10 Jul

California crop estimate at just 65,000 tons

By Julie R. Johnson,

The Sevillano olive crop in California is doing poorly this year with little fruit on the tree,

As olive growers in the state continue to struggle in an industry fraught with problems such as the olive fruit fly, foreign imports, and labor issues, it was unwelcome news to learn this year’s Sevillano olive crop in California is forecast to be one of the poorest on record.

Ross Turner, an olive grower in Corning, and a member of the California Olive Committee (COC), after attending the committee’s annual meeting in Modesto on Tuesday, said a bad freeze in April and dehydrating north winds have had a devastating impact on a large part of this year’s Sevillano crop in the Sacramento Valley. The committee’s forecast is based on reports from growers and the cannery field men from Musco Family Olives in Tracy, and Bell-Carter Foods in Corning.

“The Manzanillo crop appears to be good, but the Sevillano is in bad shape,” Turner said.

The COC is forecasting a total crop estimate of 65,000 total-tonnage, including all varieties of canning olives in the state.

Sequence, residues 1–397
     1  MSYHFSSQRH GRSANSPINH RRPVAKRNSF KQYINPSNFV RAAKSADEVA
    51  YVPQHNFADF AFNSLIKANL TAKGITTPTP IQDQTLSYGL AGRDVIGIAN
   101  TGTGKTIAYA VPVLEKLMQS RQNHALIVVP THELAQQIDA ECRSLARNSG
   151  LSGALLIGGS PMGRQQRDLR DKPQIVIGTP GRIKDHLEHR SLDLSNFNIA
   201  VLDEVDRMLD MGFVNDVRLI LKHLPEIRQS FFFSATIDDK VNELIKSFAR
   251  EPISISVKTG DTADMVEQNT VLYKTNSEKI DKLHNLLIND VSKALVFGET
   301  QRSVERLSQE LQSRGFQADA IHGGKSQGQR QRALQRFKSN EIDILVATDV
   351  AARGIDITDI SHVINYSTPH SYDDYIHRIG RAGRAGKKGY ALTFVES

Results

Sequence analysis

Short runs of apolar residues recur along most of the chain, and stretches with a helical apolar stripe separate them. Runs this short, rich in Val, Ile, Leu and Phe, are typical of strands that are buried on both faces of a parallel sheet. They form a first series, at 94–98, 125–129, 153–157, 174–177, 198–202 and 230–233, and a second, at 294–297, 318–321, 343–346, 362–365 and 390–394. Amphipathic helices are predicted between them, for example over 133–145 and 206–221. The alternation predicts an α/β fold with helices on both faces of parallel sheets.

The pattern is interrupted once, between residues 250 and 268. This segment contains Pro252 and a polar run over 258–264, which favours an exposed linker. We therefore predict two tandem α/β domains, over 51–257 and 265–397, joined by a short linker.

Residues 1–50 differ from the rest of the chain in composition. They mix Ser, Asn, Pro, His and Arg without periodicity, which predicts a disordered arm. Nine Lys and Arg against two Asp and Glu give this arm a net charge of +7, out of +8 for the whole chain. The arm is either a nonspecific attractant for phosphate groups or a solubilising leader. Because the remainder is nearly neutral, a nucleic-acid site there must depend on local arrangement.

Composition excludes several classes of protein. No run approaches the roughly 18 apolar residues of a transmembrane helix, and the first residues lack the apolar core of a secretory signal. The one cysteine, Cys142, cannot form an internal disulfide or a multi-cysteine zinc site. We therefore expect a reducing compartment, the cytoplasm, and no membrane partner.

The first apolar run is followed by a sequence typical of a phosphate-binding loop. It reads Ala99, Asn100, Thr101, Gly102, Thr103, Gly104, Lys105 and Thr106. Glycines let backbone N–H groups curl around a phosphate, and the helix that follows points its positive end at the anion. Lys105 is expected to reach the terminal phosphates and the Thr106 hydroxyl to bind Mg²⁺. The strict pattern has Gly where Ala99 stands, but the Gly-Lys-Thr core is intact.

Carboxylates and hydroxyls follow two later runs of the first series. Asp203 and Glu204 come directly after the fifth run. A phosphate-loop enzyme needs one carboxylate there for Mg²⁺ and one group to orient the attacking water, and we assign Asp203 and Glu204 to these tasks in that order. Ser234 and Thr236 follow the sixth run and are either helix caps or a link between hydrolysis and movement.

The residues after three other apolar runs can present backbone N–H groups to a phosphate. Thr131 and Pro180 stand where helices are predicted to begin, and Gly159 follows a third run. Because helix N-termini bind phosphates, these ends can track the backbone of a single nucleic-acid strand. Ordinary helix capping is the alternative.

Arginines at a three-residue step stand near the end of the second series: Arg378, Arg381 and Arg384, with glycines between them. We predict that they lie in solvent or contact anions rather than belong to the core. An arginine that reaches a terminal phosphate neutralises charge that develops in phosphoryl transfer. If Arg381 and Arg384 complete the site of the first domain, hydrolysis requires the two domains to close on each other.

Price per ton growers will receive for their olive crop has not been established by Musco or Bell-Carter, so the impact this year’s crop will have financially on growers is unknown.

Last year’s statewide olive crop was in excess of 123,000 tons and while this year’s crop forecast isn’t anywhere near that amount it isn’t as disastrous as the 2006 crop which was the smallest in the industries recorded history, said Turner.

In the Tehama County Department of Agriculture’s 2007 Crop Report last year the county had 5,500 bearing acres planted in olive orchards, which produced 24,960 tons of olives. That was a great improvement over the 2006 crop that was only 2,750 tons due to damaging winter and spring weather.

According to the TCDA, the 2007 crop’s financial value was $20,067,800.

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